When You’re Not “Fine”


This space has been empty for a while. Life has been crazy — some of the good kind of crazy, and it seems like more of the bad kind. I’m kind of to the point where I’m almost afraid to get out of bed in the morning to find out what new crisis is going to erupt.

I’ll be honest, it seems like every time I open a door or turn a corner in life lately, there’s been something unpleasant behind it. Very little about this life seems easy in this season.

I would love to write a blog post telling you that when we’re in the hard season, all we have to do is rely on God and everything will be fine. That sounds great, but it’s a lie.

You see, anyone who tells you that things will be “fine” when you’re going through a rough season is wrong. Those tough seasons in our lives sometimes leave us in a place that is far from the place we started, the place where everything was “fine.” Those tough seasons often mean we lose something — a loved one, our health, a marriage. When we come out on the other side of a tough season, we are changed. We are different. And we may not be “fine.”

Am I saying that God doesn’t have everything under control? No. I am saying that God’s plan is never for you to be “fine.” It is for you to be in a place where you can see Him and share Him. It is for you to be in a place where you have to rely on Him. It is for you to be in a place where others can see Him in you.

But that place may not be easy. It may not be fun. And it most certainly might not be “fine.” But one thing you can know for sure is that no matter what that place looks like, no matter where it is, God is there, too.

That’s the truth we need to cling to in the tough seasons — that God is there. He’s not asking us to go anywhere He’s not willing to go, too. And though we may shed many tears and even spend time shouting at God, He’s there, He loves us, and He’s walking with us — even when we don’t think He is.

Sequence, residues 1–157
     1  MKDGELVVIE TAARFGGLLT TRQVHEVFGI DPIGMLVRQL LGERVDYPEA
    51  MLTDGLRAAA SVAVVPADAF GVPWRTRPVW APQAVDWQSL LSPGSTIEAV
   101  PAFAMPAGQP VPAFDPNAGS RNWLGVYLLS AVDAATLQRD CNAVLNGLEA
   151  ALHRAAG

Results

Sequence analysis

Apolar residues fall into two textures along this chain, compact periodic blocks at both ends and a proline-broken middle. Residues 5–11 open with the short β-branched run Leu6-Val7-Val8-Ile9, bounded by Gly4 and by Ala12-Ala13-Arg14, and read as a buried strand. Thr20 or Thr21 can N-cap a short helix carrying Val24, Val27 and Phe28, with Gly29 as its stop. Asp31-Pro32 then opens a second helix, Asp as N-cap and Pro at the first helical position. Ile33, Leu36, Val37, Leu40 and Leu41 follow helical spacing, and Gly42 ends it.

There is something to learn in this season. There is growing to be done. And when this season passes (and, honestly, I hope it passes soon), I’ll be on the other side a different person than I was before this season began. But I don’t want to be “fine.” I want the lessons I’ve learned and the person I’ve become to shine brightly for Jesus. I don’t want to be “fine.” I want to be His.

Something to Sing About


I could hear her saying something as I buckled the baby into the shopping cart. Okay, so it was actually more like yelling but bless it if I could even tell. I had totally crossed over into the Mom-Zone.

You know, the place where the world could be ending but all you hear is the inner-monologue-of-the-now, “Must get the baby in the seat before a car runs over us.”

The consequence to this stealth focus?

You agree to anything.

And apparently I had agreed in thirty seconds of non-listening to sing a rousing rendition of  “This is the Day” while we moseyed through Target.

Sweet heavens.

Now my girl has got vocal direction down, y’all. I mean I thought I knew the song but I DID NOT. When she started with a “This is the day…” I was all like “This is the day…” And I was met with a sigh and an “Um, Mom, no. You sing ‘That the Lord has made.’”

But sadly, I had entered the Zone again…

So we went through this exact dialogue about five times until she finally she broke through it with a, “Mom, I really need you to focus!”  I mean, c’mon now. Shouldn’t I be delighted that we are singing about Jesus in Target?!?!?

And BAM.

I got my act together, we found our rhythm and we did our thang. But alas, when we hit the “together” part of the ditty, things fell apart. I’m all “This is the Day” and she’s all “Jesus Loves Me.”

Shortly after this confusion and preciously right as we walked up to an unsuspecting cashier, my girl bellows with ear piercing volume, “IT IS NOT THE DAY THAT THE LORD HAS MADE!!!!”

And Jesus loves us, this I know.

I suppose you are wondering, “Sara, what in the what does this have to do with an everyday truth?”

Well, I’ll tell you…

We all have these kind of days as a parent where things get ridiculous and veer off course and all we know gets drowned out by the our inner-monologue of “IT IS NOT THE DAY THAT THE LORD HAS MADE!”

But it is.

We can go from blissfully happy to my day is ruined faster than it takes us to go from the parking lot into the store. But this is the day He has made. And we have the choice to wallow in our ruin or persevere through and count it all joy.

I’m not talking about some kind of false “Oh, today is magical!” when you are knee deep in poo. I’m talking about being grateful for the gift of a new day. I’m talking about how it’s really pretty great to have the chance to sing loudly in the aisles of Target with someone you love.

Because it’s in those kind of moments that you remember…

He loves me and He’s given me a new day.

And really?

No matter how you look at it, THAT is something to sing about.

Sara Cormany guest posts on the first Friday of each month. Sara is mommy to six-year-old Grace, four-year-old Drew, one-year-old Sophie, and her new little miracle Maddie.  When she is not wiping noses, changing diapers or chasing her kids, she is a sometimes writer and a sometimes teacher to teenagers.  But her most cherished role is that of one who is perfectly held by Jesus. She loves watching Him take the broken, the messy and the seemingly mundane of her everyday and turn it into something beautiful. She recently began her own blog called Where Feet May Fail.